November 26, 2014


Lorain likely to need help to resolve housing case backlog

LORAIN — Handling thousands of housing code prosecutions will require additional help, Lorain Municipal Court Judge Mark Mihok said Tuesday.

Mihok said a part-time magistrate and part-time court clerk would likely need to be hired. Mihok said it was premature to say how much they will be paid.

In 2012, Lorain established the Nuisance Inspection Task Force, which does exterior inspections of homes to reduce blight. The court created a housing docket to handle the cases, but the number of disputed citations has created a backlog of cases to prosecute.

Law Director Pat Riley told City Council members Monday that there are at least 600 cases ready for prosecution and 3,000 new cases are expected to be prosecuted in the next six to 12 months.

However, Riley said the court is only meeting once per month to adjudicate housing cases and each docket can only handle 35 cases.

Riley said he has asked judges to increase their dockets from once per month to once per week, which would work out to about 140 monthly cases. However, Riley said that isn’t enough.

“It’s one thing to inspect, it’s another thing to effectuate the inspection,” he said. “The prospect of giving them notice today they are being prosecuted and then we don’t get them in the courts for 10 months, or eight months or six months, is just not going to work.”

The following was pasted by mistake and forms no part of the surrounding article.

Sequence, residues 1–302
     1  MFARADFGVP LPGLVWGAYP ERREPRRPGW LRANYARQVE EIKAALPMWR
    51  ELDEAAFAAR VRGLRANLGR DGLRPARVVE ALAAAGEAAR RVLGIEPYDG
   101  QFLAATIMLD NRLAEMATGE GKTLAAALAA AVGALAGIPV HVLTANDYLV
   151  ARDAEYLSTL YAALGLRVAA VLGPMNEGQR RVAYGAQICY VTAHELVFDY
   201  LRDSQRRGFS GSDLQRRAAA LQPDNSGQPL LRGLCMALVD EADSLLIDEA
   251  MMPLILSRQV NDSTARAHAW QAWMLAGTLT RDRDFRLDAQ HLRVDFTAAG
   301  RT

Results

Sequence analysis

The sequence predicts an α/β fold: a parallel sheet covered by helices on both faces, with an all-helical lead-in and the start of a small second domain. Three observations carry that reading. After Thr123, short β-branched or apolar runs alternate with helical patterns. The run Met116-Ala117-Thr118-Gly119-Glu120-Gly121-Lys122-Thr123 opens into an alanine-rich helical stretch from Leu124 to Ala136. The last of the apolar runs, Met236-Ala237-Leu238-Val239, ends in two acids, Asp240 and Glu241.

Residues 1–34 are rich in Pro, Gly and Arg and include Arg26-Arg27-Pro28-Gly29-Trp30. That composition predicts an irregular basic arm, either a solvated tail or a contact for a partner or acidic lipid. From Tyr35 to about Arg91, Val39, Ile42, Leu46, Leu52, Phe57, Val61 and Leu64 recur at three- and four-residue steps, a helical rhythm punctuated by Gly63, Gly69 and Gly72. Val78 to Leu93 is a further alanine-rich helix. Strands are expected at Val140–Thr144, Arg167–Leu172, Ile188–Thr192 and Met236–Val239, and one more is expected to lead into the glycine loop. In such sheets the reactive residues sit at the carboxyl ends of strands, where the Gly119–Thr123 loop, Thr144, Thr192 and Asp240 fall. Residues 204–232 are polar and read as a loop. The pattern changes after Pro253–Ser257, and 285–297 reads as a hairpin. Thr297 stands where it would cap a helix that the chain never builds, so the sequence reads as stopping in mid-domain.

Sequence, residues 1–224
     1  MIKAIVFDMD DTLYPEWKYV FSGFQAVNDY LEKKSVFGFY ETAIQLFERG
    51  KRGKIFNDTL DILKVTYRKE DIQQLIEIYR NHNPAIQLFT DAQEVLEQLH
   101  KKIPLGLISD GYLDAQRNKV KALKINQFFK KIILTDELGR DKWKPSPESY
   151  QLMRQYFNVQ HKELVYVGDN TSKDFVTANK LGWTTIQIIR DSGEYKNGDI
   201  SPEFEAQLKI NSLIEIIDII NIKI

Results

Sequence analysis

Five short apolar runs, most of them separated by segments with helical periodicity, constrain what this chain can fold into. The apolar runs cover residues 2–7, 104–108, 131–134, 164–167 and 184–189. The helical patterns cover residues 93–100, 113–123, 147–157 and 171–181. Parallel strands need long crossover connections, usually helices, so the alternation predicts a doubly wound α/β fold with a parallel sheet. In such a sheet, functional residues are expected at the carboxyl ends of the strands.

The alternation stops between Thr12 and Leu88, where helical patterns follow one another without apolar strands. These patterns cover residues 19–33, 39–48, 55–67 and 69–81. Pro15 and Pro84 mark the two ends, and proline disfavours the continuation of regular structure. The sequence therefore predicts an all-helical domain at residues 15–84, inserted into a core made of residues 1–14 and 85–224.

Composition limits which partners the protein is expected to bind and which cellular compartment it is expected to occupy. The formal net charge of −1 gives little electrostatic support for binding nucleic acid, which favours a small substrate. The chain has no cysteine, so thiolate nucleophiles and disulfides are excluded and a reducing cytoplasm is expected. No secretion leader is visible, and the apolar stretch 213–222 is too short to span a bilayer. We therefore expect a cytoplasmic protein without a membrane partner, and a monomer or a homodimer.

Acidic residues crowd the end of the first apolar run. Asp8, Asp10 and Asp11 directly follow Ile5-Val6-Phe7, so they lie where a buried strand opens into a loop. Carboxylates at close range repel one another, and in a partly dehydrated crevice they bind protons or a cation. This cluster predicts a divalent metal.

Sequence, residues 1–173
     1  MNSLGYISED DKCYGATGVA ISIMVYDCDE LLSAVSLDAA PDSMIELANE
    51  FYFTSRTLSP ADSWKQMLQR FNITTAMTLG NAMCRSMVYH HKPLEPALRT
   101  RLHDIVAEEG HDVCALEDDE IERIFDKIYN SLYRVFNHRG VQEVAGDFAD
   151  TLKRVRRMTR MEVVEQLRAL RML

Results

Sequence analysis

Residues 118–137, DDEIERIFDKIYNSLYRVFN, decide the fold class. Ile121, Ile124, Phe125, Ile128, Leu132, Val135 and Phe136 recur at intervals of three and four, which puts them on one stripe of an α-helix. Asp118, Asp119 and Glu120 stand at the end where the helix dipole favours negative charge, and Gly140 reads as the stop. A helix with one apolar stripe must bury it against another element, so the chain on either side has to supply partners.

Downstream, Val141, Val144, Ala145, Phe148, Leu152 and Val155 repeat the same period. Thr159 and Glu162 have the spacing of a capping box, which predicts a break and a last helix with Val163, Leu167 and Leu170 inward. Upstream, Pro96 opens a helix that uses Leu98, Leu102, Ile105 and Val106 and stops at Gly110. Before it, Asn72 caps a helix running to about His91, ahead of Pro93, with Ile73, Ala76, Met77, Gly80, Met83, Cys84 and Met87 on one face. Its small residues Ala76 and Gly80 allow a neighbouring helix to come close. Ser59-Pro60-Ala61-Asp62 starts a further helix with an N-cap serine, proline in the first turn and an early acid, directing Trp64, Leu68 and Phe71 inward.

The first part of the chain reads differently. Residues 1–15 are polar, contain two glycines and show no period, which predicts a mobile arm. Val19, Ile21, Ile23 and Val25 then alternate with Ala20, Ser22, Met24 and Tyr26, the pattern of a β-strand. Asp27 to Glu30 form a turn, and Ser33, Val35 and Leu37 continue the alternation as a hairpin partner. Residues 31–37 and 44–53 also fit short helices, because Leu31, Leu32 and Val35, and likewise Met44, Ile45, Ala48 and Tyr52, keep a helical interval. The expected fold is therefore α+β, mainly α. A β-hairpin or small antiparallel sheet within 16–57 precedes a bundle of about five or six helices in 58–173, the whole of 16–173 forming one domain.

Mihok said he and Judge Tom Elwell plan to meet Thursday with Riley and Mayor Chase Ritenauer to discuss the issue. Mihok said the courts, which handle some 18,000 cases annually, will take on the cases, “but it’s not going to be easy.”

Contact Evan Goodenow at 329-7129 or

  • oldruss

    Justice delayed is justice denied. These are misdemeanor cases, nevertheless, still criminal citations against the home owners’ properties. If these homes cannot be transferred (sold) with pending citations lodge against the property by this “make some money for the city” scheme, the city is making it harder to grow Lorain’s real estate market at a time when housing values in the city have fallen to their lowest levels.

  • stillsleepyeyes

    don ‘t seem to understand the logic here………………can’t seem to get the homeowners in court quick enough, but yet spitzer , gardwennie , and the rest of e business slumlords get away with the same stuff for over 15 years without a peep……………hmmmmmmm

  • Sis Delish

    Buy a Pair of Bulldozers to be run by Magistrates. Property owner(s) do not show up for a Scheduled on-site hearing where Magistrate sits in Bulldozer with engine running, Bulldozer wins!

    • stillsleepyeyes

      That was the last mayor…………lol

  • GreatRedeemer

    Establish a administrative night court that is mobile
    through the city for first time offenders. Bring in city resources for those
    that wish to comply but might need help.
    For the repeat offenders and complicated cases increase the judges dockets.

  • golfingirl

    Just buy a couple books of matches and call it a day.

    Instead of “Flick my BIC,” we can call it “Light my Blight.”